Expand your Moral Circle
Wed, Mar 03
In this class, we'll explore the concept of your "circle of moral concern," the class of beings whose interests you consider in your moral deliberations. We'll ask: who and what should belong to our moral circle? Should we concern ourselves with the plight of strangers on the other side of the world? Animals? Unborn humans? People who will exist in the far future? We'll also critically examine the widespread belief that humans matter more than non-human animals. Is this belief defensible, or is it just another form of unjust discrimination on a par with racism and sexism? By the end of class:
- You will reflect on what it means to have "moral status," and who should be included in the "moral community"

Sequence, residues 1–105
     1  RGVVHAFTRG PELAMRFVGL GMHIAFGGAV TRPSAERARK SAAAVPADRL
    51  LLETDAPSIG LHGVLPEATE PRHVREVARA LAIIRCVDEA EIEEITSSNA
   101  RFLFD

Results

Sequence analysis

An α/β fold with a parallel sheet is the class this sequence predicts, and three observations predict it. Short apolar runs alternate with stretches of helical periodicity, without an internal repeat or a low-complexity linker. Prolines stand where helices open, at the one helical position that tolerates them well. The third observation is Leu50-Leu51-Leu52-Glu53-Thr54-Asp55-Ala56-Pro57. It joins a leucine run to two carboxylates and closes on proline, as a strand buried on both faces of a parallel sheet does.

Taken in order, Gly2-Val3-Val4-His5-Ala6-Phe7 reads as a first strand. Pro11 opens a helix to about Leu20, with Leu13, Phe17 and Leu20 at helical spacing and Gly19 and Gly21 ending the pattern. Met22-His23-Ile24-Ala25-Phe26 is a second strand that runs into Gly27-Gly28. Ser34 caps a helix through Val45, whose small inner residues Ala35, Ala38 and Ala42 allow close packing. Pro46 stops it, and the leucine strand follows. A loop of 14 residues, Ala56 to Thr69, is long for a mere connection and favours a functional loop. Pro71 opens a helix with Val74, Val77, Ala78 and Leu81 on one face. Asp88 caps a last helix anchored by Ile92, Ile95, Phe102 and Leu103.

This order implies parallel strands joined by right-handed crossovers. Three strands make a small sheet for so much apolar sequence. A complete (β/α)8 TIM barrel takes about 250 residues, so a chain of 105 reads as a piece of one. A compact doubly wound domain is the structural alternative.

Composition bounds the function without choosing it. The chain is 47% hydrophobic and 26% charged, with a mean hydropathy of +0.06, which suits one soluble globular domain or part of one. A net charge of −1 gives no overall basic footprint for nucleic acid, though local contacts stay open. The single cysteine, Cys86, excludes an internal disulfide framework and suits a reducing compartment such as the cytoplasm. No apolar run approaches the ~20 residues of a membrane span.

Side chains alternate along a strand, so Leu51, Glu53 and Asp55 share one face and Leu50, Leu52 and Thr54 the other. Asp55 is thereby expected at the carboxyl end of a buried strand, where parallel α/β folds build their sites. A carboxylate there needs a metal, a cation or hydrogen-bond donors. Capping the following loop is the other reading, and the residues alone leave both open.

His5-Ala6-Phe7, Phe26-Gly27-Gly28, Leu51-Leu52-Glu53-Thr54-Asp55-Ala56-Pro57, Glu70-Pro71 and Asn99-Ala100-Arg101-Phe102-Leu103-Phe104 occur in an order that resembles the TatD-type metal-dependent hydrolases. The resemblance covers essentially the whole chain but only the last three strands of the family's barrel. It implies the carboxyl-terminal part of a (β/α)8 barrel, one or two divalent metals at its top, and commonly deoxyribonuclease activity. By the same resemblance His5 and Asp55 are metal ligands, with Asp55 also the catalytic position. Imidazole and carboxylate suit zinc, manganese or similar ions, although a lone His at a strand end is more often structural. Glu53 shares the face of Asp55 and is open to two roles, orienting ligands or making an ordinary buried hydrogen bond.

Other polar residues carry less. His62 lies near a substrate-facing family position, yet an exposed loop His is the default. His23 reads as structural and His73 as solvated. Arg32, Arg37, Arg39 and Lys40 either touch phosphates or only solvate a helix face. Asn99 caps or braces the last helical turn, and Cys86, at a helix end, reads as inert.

- You will understand the suffering criterion and the argument for including animals in your moral circle
- You will offer your own criteria for membership in the moral community, and defend this against anticipated objections.
"All Animals are Equal" (Peter Singer)
"Our Once and Future Sins" (Aeon)
Complete these steps before you come to class
- Consider the following prompts (you may want to write responses to these in your journal or talk about them with a friend):
- Give your own answer - who should be included in the moral community, and why? How does your argument compare with at least one of the arguments in the readings?
- If animals should be included, how should our behavior and practices towards animals change? Be specific.